Devil or martyr? For Julian Assange, it appears there's no easy answer. The WikiLeaks founder has spent six months holed up in the Ecuadorian embassy in London, fearing the moment he steps outside he'll be arrested and deported to Sweden, where he faces charges of rape and sexual assault. Assange says he'd return to Sweden if the government would guarantee that he won't be extradited to the United States, where he fears he could face espionage charges related to a massive leak of classified military and diplomatic documents.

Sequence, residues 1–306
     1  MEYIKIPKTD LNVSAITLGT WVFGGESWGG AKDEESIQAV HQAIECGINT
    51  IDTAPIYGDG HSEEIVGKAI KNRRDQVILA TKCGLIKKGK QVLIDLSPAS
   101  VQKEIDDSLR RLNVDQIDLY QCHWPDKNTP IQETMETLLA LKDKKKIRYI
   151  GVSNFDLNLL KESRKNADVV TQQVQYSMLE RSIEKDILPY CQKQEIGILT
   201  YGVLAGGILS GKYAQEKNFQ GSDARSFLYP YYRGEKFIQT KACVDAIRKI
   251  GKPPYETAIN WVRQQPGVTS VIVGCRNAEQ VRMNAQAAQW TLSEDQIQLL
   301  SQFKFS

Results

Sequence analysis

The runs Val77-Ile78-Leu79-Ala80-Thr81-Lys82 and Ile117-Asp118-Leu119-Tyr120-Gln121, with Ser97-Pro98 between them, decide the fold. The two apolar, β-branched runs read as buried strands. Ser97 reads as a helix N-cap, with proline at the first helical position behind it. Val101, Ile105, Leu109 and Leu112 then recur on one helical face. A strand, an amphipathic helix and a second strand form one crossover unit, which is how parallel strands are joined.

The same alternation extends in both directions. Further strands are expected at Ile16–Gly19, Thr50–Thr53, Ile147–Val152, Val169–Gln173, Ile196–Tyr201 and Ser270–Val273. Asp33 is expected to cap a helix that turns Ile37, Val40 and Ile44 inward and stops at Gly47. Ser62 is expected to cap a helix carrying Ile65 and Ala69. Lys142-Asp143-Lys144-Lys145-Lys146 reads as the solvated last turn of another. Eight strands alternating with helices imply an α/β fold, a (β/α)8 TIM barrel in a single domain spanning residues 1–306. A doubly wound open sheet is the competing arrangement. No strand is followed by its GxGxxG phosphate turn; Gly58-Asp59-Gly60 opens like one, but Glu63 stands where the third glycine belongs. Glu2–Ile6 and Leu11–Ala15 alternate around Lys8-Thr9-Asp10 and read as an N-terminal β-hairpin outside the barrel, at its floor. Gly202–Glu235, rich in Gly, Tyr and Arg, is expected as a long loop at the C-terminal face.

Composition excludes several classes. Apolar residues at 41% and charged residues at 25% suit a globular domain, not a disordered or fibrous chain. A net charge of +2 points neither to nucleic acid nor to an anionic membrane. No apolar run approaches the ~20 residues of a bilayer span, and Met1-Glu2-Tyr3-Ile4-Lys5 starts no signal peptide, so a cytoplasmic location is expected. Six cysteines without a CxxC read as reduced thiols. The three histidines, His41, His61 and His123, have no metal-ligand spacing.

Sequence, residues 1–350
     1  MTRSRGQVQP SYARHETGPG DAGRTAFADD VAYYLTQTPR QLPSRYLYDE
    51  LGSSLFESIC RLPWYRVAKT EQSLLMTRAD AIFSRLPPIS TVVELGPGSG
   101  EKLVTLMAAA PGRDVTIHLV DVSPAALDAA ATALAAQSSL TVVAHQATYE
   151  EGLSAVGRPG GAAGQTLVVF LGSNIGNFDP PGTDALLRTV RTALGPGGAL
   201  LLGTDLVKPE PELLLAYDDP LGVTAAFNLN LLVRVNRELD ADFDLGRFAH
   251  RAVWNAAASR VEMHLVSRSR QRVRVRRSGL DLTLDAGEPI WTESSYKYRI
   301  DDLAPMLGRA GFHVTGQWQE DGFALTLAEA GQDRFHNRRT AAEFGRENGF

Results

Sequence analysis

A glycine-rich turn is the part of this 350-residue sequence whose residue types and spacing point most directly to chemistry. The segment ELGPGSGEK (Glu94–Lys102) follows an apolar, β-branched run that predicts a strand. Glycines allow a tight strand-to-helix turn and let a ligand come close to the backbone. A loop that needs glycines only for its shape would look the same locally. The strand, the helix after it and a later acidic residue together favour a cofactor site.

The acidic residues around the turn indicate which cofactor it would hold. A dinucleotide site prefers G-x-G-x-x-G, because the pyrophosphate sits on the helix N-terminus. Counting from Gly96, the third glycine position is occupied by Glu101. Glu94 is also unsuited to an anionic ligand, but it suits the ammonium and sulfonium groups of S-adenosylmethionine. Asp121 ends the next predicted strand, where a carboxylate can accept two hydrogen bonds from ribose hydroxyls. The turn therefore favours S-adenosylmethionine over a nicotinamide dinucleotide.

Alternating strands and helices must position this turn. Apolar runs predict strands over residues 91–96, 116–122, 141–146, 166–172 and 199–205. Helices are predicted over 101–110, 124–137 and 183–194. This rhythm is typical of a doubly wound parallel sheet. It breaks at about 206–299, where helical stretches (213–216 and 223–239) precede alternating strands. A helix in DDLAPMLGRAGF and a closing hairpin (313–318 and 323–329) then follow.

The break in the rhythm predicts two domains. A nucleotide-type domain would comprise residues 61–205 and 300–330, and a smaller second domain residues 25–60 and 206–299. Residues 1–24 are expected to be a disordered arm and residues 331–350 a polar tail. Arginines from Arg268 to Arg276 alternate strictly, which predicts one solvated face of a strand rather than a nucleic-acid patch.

The man accused of providing those documents, of course, isn't so lucky. Bradley Manning, a U.S. Army private, was arrested in May 2010 and is still awaiting trial on 22 charges, the most severe of which could mean life in prison. Manning lacked the self-promotional flash and access to major media outlets enjoyed by Assange, let alone South American countries willing to grant him amnesty. But Assange, in his embassy confinement, continued to be a talkative lightning rod in the debate over government censorship of the Internet and what "state secrets" should really mean.